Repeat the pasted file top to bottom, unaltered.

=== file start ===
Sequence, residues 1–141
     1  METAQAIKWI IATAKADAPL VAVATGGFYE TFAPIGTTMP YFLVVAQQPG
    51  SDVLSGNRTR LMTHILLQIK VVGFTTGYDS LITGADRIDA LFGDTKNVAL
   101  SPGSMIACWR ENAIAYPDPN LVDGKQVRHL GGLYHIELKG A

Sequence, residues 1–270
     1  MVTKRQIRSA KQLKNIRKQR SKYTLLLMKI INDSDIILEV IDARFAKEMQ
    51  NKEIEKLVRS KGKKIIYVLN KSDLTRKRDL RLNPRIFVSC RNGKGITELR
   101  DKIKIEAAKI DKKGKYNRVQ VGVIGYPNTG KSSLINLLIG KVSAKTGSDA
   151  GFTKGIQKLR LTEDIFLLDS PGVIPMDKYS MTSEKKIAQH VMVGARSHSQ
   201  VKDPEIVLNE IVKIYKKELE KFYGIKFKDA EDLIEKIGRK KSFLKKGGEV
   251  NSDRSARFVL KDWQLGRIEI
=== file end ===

Sequence, residues 1–141
     1  METAQAIKWI IATAKADAPL VAVATGGFYE TFAPIGTTMP YFLVVAQQPG
    51  SDVLSGNRTR LMTHILLQIK VVGFTTGYDS LITGADRIDA LFGDTKNVAL
   101  SPGSMIACWR ENAIAYPDPN LVDGKQVRHL GGLYHIELKG A

Sequence, residues 1–270
     1  MVTKRQIRSA KQLKNIRKQR SKYTLLLMKI INDSDIILEV IDARFAKEMQ
    51  NKEIEKLVRS KGKKIIYVLN KSDLTRKRDL RLNPRIFVSC RNGKGITELR
   101  DKIKIEAAKI DKKGKYNRVQ VGVIGYPNTG KSSLINLLIG KVSAKTGSDA
   151  GFTKGIQKLR LTEDIFLLDS PGVIPMDKYS MTSEKKIAQH VMVGARSHSQ
   201  VKDPEIVLNE IVKIYKKELE KFYGIKFKDA EDLIEKIGRK KSFLKKGGEV
   251  NSDRSARFVL KDWQLGRIEI